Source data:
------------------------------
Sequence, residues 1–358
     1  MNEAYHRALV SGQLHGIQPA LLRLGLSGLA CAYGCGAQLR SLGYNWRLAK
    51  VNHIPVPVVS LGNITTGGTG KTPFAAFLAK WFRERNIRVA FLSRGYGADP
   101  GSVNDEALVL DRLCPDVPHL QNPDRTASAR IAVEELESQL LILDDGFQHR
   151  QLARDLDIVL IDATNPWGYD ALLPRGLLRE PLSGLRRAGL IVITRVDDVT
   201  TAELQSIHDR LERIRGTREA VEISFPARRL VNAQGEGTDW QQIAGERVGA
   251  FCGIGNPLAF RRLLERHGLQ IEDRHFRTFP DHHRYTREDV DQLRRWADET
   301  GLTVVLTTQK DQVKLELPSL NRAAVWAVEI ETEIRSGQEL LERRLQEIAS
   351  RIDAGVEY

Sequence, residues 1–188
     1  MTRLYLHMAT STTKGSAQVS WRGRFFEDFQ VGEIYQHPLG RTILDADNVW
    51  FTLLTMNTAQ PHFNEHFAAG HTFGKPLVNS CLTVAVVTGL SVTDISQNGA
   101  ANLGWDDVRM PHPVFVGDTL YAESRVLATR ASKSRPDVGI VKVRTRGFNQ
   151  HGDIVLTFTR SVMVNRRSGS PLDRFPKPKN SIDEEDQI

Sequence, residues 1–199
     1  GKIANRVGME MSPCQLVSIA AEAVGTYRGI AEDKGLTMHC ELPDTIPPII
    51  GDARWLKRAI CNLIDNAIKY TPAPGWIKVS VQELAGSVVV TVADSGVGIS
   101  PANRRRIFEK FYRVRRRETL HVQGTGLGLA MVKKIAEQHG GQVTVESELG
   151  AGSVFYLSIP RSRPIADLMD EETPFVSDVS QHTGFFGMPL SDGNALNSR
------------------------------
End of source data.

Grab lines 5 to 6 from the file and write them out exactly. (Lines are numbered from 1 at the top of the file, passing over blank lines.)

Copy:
   151  QLARDLDIVL IDATNPWGYD ALLPRGLLRE PLSGLRRAGL IVITRVDDVT
   201  TAELQSIHDR LERIRGTREA VEISFPARRL VNAQGEGTDW QQIAGERVGA